Microbial contact during pregnancy, intestinal colonization and human disease

Nat Rev Gastroenterol Hepatol. 2012 Oct;9(10):565-76. doi: 10.1038/nrgastro.2012.144. Epub 2012 Aug 14.


Interaction with colonizing intestinal bacteria is essential for healthy intestinal and immunological development in infancy. Advances in understanding early host-microbe interactions indicate that this early microbial programming begins in utero and is substantially modulated by mode of birth, perinatal antibiotics and breastfeeding. Furthermore, it has become evident that this stepwise microbial colonization process, as well as immune and metabolic programming by the microbiota, might have a long-lasting influence on the risk of not only gastrointestinal disease, but also allergic, autoimmune and metabolic disease, in later life. Modulating early host-microbe interaction by maternal probiotic intervention during pregnancy and breastfeeding offers a promising novel tool to reduce the risk of disease. In this Review, we describe the current body of knowledge regarding perinatal microbial contact, initial intestinal colonization and its association with human disease, as well as means of modulating early host-microbe interaction to reduce the risk of disease in the child.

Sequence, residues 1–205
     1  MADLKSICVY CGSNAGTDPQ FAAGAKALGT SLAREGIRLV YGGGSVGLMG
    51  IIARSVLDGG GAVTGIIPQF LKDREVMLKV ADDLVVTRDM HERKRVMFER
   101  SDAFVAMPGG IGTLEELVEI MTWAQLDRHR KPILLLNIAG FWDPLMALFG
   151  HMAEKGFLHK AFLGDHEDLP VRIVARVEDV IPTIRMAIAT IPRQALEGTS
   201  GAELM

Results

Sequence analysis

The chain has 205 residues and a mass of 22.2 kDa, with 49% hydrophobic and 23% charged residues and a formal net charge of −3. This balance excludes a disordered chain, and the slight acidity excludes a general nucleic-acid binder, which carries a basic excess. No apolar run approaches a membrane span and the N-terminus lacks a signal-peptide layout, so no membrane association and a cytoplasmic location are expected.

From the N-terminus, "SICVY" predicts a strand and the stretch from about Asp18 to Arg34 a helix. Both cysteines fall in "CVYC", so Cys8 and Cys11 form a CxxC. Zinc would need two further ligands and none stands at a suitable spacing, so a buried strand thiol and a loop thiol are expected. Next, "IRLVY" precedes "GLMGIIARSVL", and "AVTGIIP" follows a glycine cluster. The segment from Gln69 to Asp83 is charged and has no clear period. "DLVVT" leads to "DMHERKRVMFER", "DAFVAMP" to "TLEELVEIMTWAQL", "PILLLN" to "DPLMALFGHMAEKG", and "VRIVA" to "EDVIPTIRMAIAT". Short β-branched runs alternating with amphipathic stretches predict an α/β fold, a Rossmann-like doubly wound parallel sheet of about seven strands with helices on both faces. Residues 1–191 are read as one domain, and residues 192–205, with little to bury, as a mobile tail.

Publication types

  • Review

MeSH terms

  • Adult
  • Animals
  • Anti-Bacterial Agents / administration & dosage
  • Breast Feeding
  • Delivery, Obstetric
  • Female
  • Gastrointestinal Tract / microbiology*
  • Humans
  • Immune Tolerance / physiology
  • Metagenome / physiology*
  • Pregnancy / physiology*
  • Premature Birth
  • Probiotics


  • Anti-Bacterial Agents